Stratford Hall celebrates Robert E. Lee's 208th birthday

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Brev. Brig. Gen'l
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In celebration of Gen. Robert E. Lee’s 208th birthday, the folks at Stratford Hall—the estate that four generations of the historic Lee family called home—are hosting a free family day.

One of the event’s highlight will be the opportunity to explore the HistoryMobile. The touring exhibit was created as one of the offerings commemorating the sesquicentennial anniversary of the first battle of Manassas. Featuring multi-sensory and interactive displays, the HistoryMobile is described by Stratford’s program manager, Jon Bachman, in an unintended pun as “a very moving experience.”

http://www.fredericksburg.com/enter...cle_df35a1cc-1c89-5914-936d-3376a735ebde.html
 

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Correct me if I'm wrong, but though Lee was born at Stratford Hall the true owners of the property were actually a diferent branch of the Lee family, decendants of Richard Henry Lee?
 

diane

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Correct me if I'm wrong, but though Lee was born at Stratford Hall the true owners of the property were actually a diferent branch of the Lee family, decendants of Richard Henry Lee?
It was owned by Philip Lee's daughter Matilda, who married her cousin Lighthorse Harry. She died, leaving it to her husband and their son Blackhorse Harry lost it. It was originally built by the Immigrant (Philip's father) and was the family seat until...scandal and debt!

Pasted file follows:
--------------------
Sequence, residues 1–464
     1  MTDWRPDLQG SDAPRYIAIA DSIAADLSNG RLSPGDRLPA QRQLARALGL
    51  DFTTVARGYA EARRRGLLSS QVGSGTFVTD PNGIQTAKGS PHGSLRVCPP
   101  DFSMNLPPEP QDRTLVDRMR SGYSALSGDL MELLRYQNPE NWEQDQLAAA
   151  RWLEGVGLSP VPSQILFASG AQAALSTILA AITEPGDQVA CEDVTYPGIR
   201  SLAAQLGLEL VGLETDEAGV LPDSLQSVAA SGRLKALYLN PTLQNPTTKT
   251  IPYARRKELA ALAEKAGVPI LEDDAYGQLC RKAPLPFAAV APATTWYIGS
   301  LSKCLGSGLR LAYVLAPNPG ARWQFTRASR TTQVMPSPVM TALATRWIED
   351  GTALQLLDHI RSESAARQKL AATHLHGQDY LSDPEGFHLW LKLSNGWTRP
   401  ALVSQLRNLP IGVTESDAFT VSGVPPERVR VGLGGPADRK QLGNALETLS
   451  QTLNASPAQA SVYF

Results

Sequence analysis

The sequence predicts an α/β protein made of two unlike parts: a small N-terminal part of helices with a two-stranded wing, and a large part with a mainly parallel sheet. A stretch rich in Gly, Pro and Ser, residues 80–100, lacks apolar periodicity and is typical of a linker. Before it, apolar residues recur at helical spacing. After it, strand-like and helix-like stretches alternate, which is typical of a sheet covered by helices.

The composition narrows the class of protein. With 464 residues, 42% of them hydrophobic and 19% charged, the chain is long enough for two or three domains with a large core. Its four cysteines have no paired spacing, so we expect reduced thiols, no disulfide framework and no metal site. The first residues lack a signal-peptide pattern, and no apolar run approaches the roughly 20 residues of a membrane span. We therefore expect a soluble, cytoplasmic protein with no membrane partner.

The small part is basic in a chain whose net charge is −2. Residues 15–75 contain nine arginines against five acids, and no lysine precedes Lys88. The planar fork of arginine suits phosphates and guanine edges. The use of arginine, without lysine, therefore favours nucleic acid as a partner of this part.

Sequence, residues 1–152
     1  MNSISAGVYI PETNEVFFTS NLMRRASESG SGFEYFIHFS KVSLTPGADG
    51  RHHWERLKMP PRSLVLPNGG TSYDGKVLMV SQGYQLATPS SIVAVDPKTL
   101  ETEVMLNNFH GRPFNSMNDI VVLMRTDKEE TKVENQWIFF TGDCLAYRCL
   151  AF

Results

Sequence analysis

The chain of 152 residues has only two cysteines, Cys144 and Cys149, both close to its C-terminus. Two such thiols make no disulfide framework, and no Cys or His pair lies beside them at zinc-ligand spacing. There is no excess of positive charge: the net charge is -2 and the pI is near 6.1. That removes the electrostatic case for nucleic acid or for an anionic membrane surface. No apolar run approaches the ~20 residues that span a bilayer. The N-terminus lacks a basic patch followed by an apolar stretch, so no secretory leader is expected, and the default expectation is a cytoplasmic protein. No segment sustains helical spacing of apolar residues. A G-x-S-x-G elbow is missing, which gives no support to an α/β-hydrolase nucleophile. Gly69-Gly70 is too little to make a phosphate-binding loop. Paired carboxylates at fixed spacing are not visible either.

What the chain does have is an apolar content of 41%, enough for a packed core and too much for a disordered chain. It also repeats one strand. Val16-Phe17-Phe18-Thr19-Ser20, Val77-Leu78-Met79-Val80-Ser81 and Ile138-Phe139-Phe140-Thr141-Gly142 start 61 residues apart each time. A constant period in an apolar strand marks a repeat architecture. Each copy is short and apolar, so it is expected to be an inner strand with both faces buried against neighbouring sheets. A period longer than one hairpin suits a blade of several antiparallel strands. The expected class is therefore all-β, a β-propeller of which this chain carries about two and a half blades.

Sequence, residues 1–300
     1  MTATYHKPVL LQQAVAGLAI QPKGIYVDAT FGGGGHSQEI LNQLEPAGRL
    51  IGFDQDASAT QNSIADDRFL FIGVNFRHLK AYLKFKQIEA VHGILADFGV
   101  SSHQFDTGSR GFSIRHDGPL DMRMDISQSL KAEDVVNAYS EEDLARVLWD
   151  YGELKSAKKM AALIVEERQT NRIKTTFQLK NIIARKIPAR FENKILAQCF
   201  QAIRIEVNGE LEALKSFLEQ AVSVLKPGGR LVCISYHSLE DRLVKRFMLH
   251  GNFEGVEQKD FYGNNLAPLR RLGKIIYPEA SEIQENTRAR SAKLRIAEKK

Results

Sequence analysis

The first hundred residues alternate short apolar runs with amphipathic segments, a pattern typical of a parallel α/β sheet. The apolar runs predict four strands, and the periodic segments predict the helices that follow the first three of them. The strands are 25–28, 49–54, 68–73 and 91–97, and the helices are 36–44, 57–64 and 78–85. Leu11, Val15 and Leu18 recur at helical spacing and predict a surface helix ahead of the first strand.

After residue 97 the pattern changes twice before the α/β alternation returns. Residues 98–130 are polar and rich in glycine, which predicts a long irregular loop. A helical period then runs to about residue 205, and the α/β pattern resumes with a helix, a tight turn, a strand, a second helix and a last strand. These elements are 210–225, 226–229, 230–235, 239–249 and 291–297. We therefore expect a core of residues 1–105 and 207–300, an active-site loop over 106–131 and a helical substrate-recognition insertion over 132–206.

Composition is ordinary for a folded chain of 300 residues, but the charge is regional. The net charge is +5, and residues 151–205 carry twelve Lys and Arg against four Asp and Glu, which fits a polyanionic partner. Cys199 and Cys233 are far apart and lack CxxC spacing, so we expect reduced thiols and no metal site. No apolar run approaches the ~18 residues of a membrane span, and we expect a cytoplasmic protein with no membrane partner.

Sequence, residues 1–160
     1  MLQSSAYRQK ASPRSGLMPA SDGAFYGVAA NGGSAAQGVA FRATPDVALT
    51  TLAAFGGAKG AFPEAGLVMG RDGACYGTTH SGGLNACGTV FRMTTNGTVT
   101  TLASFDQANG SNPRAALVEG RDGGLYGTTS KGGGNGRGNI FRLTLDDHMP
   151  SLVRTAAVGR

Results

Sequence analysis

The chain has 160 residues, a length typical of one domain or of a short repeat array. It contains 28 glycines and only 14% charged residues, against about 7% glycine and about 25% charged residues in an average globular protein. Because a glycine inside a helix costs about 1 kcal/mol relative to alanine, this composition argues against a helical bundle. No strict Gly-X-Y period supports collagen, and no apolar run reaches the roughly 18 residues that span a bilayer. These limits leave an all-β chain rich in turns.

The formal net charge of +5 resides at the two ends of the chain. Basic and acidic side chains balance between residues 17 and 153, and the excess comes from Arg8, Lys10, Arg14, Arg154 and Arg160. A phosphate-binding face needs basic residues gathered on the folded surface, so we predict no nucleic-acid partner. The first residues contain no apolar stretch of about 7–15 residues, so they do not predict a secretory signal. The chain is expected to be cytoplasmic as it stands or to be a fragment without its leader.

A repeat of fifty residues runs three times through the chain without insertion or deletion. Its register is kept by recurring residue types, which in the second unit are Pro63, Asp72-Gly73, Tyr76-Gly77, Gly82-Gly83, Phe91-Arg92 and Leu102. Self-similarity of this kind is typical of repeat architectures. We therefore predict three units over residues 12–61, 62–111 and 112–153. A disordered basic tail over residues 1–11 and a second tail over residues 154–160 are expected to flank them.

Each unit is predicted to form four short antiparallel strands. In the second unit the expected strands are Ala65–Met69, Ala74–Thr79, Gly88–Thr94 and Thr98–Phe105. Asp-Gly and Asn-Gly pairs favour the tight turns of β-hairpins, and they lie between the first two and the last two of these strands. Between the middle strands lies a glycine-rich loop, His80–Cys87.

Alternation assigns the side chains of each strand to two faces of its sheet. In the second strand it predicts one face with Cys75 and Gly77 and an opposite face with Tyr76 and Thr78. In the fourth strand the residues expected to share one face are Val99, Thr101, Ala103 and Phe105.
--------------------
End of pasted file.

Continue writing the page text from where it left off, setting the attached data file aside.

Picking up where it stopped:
James N.

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315-jpg.jpg


Lee would likely have felt more like this house in Alexandria, Va. ( now a private residence ), was home since he lived here from 1810 when he was only three until 1818 when he left to attend the Military Academy at West Point. Of Alexandria, he wrote in 1870 near the end of his life,

"There is no community to which my affections more strongly cling than that of Alexandria, composed of my earliest and oldest friends, my kind schoolfellows, and faithful neighbors."
 

18thVirginia

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315-jpg.jpg


Lee would likely have felt more like this house in Alexandria, Va. ( now a private residence ), was home since he lived here from 1810 when he was only three until 1818 when he left to attend the Military Academy at West Point. Of Alexandria, he wrote in 1870 near the end of his life,

"There is no community to which my affections more strongly cling than that of Alexandria, composed of my earliest and oldest friends, my kind schoolfellows, and faithful neighbors."
Wasn't this one was owned by his mother's brother, who lent it to her during her lifetime?
 

James N.

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Is that a ghost standing in the upper window?? :cold:
I dunno but who is that guy up on the roof, holding onto the chimney? Roofer, mason or.... :unsure:
Wasn't this one was owned by his mother's brother, who lent it to her during her lifetime?
Oddly enough, I'd never noticed either of them before! I was just following a walking tour of the historic area and photographing some of it as best as I could. There was another Lee house on the corner across the street where the family had supposedly lived when they first came to town and before moving into this one.
 
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